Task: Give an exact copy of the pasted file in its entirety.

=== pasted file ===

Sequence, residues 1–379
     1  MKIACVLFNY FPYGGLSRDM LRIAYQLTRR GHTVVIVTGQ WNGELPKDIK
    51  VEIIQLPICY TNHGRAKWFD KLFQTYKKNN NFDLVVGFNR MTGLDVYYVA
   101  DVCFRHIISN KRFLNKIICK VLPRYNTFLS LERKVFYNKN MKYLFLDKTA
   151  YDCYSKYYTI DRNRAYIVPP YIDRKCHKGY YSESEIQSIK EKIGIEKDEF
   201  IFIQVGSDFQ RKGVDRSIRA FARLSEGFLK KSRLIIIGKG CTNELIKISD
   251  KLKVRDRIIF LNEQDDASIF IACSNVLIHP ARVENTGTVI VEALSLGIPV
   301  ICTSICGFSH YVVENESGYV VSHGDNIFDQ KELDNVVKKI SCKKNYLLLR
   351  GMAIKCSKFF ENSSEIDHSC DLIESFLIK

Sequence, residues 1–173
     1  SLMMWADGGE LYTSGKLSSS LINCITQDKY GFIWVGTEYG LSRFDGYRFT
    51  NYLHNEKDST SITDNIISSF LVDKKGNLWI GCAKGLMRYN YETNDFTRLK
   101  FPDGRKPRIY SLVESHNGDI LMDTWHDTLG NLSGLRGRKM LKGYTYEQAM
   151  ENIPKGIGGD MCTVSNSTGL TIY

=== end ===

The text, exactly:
Sequence, residues 1–379
     1  MKIACVLFNY FPYGGLSRDM LRIAYQLTRR GHTVVIVTGQ WNGELPKDIK
    51  VEIIQLPICY TNHGRAKWFD KLFQTYKKNN NFDLVVGFNR MTGLDVYYVA
   101  DVCFRHIISN KRFLNKIICK VLPRYNTFLS LERKVFYNKN MKYLFLDKTA
   151  YDCYSKYYTI DRNRAYIVPP YIDRKCHKGY YSESEIQSIK EKIGIEKDEF
   201  IFIQVGSDFQ RKGVDRSIRA FARLSEGFLK KSRLIIIGKG CTNELIKISD
   251  KLKVRDRIIF LNEQDDASIF IACSNVLIHP ARVENTGTVI VEALSLGIPV
   301  ICTSICGFSH YVVENESGYV VSHGDNIFDQ KELDNVVKKI SCKKNYLLLR
   351  GMAIKCSKFF ENSSEIDHSC DLIESFLIK

Sequence, residues 1–173
     1  SLMMWADGGE LYTSGKLSSS LINCITQDKY GFIWVGTEYG LSRFDGYRFT
    51  NYLHNEKDST SITDNIISSF LVDKKGNLWI GCAKGLMRYN YETNDFTRLK
   101  FPDGRKPRIY SLVESHNGDI LMDTWHDTLG NLSGLRGRKM LKGYTYEQAM
   151  ENIPKGIGGD MCTVSNSTGL TIY